2-Step Colon Cleanse

Solid colon cleansing support

Colovexus might not be the perfect solution for everyone, but it’s definitely worth a try. It offers great ingredients with clinical research to help you eliminate harmful toxins and excess waste.

I’m impressed with the 90 day money-back guarantee and affordable low price and have no problem recommending Colovexus.

  • Ingredient Quality
  • Value
  • Safety
  • Price
  • Ease of Use

Colovexus is among the most highly recommended colon cleansing supplements available.

“I started feeling the benefits from the very start,” explains one satisfied user at EBay.com. “I started feeling more energy, I noticed my skin tone changed and improved almost immediately, and I definitely noticed other benefits in general. I saw that I started losing weight the first day.”

“This product works great for me,” adds another at Amazon.com. “And that’s coming from someone who suffered from chronic constipation my whole life.”

And those are just 2 of the many Colovexus reviews!

According to advertisements, Colovexus offers all-natural ingredients to eliminate “97% of the waste and toxins that has accumulated and is now stuck in your colon.”

Sound too good to be true?

I thought so too!

I did my own investigating on Colovexus and analyzed the ingredients for both safety and effectiveness. Here’s what I’ve found on this all-natural supplement. . .

What’s Inside Colovexus?

Colovexus is unique from other colon cleanses in that it comes in a 2-part formula. The first part, or colon cleansing formula, is designed with 9 patented colon cleansing ingredients.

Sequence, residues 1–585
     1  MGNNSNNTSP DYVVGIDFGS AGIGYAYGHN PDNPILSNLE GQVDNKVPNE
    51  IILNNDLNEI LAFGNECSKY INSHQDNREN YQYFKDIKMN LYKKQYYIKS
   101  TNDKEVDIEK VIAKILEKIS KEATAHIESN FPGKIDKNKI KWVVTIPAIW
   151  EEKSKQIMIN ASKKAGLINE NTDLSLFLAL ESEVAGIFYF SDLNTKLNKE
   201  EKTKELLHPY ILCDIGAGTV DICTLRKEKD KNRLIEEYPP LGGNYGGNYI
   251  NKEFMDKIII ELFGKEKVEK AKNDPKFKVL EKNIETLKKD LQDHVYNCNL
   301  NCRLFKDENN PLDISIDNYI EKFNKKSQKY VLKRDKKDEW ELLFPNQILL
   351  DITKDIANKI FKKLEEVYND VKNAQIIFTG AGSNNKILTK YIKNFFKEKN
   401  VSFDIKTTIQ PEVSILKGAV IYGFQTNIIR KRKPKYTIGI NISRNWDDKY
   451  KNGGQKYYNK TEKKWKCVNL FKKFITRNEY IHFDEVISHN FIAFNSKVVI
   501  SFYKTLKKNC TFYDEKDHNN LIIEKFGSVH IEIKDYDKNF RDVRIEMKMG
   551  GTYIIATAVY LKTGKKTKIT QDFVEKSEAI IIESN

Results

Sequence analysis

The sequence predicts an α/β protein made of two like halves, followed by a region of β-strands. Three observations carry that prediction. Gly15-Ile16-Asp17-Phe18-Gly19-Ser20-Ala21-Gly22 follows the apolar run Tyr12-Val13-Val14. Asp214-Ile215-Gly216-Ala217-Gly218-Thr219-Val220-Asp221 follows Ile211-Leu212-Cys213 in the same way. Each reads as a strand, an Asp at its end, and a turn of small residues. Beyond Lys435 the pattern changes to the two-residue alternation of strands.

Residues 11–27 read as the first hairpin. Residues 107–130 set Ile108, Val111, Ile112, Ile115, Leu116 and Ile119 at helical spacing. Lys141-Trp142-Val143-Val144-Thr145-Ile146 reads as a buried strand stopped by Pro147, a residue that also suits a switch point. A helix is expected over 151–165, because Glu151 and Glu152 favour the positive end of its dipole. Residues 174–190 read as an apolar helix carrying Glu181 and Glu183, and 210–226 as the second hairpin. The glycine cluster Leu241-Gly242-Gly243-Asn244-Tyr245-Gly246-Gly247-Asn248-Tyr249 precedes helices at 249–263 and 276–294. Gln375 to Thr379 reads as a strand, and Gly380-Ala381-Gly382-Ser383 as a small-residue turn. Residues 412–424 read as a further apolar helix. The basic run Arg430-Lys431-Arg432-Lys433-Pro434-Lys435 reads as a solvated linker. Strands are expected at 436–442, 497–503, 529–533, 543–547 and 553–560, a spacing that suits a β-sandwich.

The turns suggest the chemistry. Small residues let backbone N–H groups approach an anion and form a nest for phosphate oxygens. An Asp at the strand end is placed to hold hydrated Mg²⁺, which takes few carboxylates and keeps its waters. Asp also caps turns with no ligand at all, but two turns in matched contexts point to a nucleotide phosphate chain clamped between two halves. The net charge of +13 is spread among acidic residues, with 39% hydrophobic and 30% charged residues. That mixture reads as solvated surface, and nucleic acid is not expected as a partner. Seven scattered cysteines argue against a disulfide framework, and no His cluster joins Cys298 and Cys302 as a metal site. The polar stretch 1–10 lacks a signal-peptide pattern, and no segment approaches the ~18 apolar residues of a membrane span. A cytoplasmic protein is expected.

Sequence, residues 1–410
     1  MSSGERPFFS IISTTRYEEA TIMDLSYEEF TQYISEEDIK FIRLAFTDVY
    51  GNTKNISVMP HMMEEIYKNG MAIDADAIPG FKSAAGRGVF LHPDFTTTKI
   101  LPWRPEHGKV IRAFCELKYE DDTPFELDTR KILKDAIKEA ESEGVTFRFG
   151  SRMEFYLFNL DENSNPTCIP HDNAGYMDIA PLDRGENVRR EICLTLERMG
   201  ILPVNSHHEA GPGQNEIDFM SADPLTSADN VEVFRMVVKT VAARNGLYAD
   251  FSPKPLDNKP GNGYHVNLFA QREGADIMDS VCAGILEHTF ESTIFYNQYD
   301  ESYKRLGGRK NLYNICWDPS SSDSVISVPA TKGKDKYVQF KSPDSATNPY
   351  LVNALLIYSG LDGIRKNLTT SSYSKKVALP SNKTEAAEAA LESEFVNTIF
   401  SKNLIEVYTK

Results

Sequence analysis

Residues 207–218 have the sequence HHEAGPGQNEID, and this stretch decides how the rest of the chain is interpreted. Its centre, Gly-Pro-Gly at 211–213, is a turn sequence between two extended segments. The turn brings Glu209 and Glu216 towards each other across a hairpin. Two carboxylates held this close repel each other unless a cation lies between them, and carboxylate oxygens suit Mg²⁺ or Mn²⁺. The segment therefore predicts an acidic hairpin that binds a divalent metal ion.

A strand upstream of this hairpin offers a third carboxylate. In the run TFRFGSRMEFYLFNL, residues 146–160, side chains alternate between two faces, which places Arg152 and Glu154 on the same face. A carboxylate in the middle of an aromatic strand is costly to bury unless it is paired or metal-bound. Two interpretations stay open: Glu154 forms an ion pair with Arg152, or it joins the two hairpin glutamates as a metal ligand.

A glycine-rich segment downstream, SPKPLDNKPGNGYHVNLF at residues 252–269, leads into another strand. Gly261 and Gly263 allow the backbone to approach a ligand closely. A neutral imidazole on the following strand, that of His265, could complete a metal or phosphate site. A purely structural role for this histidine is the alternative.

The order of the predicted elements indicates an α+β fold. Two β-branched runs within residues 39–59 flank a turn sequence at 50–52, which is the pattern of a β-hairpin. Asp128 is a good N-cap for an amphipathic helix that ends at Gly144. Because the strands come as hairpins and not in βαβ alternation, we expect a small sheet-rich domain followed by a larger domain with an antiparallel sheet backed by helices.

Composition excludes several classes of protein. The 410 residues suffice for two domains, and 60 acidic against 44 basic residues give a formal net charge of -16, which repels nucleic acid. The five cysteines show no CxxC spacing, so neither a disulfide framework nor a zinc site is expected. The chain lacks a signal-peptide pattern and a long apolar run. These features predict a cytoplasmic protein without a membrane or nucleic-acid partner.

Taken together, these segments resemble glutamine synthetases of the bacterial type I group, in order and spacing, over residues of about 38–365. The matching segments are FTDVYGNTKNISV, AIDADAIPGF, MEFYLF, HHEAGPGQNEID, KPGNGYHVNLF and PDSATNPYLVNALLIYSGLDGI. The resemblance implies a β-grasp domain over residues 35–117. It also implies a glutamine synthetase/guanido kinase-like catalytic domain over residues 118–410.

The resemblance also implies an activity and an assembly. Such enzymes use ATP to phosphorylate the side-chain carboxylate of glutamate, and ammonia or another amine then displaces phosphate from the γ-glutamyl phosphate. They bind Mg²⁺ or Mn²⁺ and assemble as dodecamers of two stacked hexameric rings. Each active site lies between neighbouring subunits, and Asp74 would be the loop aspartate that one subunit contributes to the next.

The second part is the advanced body purifier. It contains 25 of the best detoxifiers, purifiers, and nutrients to cleanse the body while replenishing essential vitamins and minerals stripped away by the colon cleanser.

In case you are unfamiliar with either formula, here’s a breakdown of what’s inside:

Step 1: Colon Cleanser

Psyllium Husk. This spongy fiber delays gastric emptying to suppress appetite. As it moves through the digestive system it eliminates harmful toxins and waste, inhibiting their absorption. According to some experts, psyllium may help lower blood pressure. [1]

ViscoFiber. ViscoFiber is a fermentable dietary fiber featured in several clinical studies. Research shows Viscofiber, when combined with a healthy diet and exercise, promotes weight loss and increases satiety. [2]

CoroWise. This natural plant extract contains plant sterols which lower cholesterol and reduce the risk of coronary heart disease. [3]

Litesse. Litesse offers high quality polydextrose, a low calorie, low glycemic carbohydrate widely recognized as a fiber. Recent research suggests polydextrose does not alter the taste and palatability of food, but it significantly decreases caloric consumption. [4]

Fibersol-2. Fibersol-2 is a digestion resistant maltodextrin fiber that adds bulk to foods. It suppresses appetite while inhibiting absorption of harmful toxins and chemicals. According to research, maltodextrin combined with fructose during exercise optimizes oxidation rates, making it a potential tool for treating obesity. [5][6]